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Reddit Moves to Control Hate Speech and Misinformation in Two Forums

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Reddit has taken action against hate speech this week, banning the India-focused r/Chodi discussion forum and quarantining the China-focused r/GenZedong. The social media platform’s crackdown follows a TIME report in January about Reddit’s struggle to control hate speech in some of its non-English subreddits around the world.

The R/Chodi community, which had over 90,000 members and saw hundreds of new posts a day, was “banned for violating Reddit’s rule against promoting hate,” according to a message posted by Reddit administrators. TIME had found dozens of posts a week on the subreddit that denigrated Islam and depicted Muslims as ignorant, violent or incestuous. Moderators for r/India, another India-focused subreddit, told TIME they had alerted Reddit employees of this behavior several times but were ignored.

R/GenZedong, a self-described “Deng-ist” community with over 57,000 members, was quarantined for containing “a high volume of information not supported by credible sources,” the company wrote. (Quarantined communities are stripped of all of their subscribers, generate no revenue, and don’t show up on general Reddit feeds.) R/GenZedong has long been a haven for those who are skeptical of Uighur oppression in China. This week, a post on the subreddit r/AgainstHateSubreddits alleged that r/GenZedong subscribers were now spreading misinformation about the war in Ukraine and downplaying the number of civilian deaths there.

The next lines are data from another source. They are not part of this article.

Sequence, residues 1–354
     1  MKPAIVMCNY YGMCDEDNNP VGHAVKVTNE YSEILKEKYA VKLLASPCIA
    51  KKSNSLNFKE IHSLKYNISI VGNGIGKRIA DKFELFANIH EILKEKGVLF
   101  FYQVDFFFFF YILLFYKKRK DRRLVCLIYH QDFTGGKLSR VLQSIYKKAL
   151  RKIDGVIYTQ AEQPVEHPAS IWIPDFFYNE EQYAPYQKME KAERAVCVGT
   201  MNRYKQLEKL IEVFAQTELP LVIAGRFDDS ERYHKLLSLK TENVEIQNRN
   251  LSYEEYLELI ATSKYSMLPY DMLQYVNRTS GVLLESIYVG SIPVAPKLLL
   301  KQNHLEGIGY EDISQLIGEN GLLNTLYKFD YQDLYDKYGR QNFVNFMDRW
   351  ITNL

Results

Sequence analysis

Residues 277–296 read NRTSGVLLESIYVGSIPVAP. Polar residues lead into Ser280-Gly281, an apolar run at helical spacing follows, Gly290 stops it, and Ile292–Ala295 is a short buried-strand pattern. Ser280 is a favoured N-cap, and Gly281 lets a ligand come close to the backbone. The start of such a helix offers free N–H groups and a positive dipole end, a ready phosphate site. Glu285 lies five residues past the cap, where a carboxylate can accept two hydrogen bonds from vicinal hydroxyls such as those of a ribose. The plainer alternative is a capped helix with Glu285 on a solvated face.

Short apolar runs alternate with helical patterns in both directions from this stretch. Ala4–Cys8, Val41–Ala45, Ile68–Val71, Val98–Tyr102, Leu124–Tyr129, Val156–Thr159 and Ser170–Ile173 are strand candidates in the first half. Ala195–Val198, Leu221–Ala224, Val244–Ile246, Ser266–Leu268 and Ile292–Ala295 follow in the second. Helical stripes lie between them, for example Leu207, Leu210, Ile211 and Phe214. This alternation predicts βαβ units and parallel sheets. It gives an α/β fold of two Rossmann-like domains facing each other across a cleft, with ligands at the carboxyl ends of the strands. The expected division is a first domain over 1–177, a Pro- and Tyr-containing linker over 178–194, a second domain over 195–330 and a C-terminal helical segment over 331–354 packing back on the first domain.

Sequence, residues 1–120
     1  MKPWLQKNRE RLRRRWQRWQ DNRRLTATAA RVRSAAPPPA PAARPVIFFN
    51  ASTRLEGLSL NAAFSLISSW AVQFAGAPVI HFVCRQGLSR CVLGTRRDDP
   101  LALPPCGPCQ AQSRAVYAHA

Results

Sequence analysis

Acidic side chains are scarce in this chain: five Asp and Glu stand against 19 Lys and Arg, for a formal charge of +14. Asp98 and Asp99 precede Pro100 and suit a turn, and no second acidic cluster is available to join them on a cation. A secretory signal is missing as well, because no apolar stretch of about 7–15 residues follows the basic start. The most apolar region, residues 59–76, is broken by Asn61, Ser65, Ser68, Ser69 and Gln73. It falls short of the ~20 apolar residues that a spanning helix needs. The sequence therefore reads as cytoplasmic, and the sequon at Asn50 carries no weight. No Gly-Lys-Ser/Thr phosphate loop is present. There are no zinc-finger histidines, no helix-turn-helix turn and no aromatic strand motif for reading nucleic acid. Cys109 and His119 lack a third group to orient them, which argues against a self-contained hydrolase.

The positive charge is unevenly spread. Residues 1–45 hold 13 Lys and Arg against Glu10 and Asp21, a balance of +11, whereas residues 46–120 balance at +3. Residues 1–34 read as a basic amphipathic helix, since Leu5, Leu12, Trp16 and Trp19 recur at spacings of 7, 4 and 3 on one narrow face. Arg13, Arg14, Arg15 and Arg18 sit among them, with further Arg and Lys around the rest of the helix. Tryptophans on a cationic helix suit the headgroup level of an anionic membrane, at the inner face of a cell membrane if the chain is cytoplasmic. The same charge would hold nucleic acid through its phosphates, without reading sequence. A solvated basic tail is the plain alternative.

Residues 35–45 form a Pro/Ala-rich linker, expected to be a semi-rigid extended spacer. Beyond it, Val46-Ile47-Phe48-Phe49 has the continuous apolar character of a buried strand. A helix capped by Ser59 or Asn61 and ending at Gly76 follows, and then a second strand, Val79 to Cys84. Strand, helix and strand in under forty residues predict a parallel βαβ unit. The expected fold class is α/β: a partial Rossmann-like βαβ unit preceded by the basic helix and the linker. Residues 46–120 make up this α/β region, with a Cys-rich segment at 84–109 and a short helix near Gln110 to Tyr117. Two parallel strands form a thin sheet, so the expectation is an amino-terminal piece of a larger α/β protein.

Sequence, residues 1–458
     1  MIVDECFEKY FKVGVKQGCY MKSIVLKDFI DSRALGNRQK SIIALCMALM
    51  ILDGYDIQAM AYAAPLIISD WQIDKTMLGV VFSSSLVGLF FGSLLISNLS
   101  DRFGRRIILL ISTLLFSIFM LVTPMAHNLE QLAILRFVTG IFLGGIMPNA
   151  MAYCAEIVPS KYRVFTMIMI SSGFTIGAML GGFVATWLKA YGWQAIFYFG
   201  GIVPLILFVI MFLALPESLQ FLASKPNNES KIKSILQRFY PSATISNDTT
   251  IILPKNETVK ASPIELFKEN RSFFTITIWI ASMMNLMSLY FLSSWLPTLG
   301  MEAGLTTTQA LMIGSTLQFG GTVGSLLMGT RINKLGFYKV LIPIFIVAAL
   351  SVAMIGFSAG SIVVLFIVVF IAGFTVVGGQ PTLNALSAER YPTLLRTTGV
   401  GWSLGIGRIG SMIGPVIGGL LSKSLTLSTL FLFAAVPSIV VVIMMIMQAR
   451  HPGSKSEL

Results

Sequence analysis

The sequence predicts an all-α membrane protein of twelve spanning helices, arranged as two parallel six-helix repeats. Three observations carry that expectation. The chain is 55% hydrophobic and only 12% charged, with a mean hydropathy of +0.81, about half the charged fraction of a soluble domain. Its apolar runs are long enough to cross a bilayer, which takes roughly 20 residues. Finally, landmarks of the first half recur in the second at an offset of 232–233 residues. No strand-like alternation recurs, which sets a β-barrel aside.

A Reddit spokesperson declined to comment beyond what was posted on the website.

Read More: Reddit Allows Hate Speech to Flourish in Its Global Forums, Moderators Say

After Reddit’s crackdown on the two subreddits, both groups directed their members elsewhere—including Telegram, another platform that has become an information battleground in the Ukraine-Russia war. One new outpost of R/Chodi is already posting transphobic memes and welcoming its members to “a better free speech experience.” It’s not unusual for controversial subreddits to try migrating toward less-mainstream platforms, such as communities.win, which have fewer regulatory policies.


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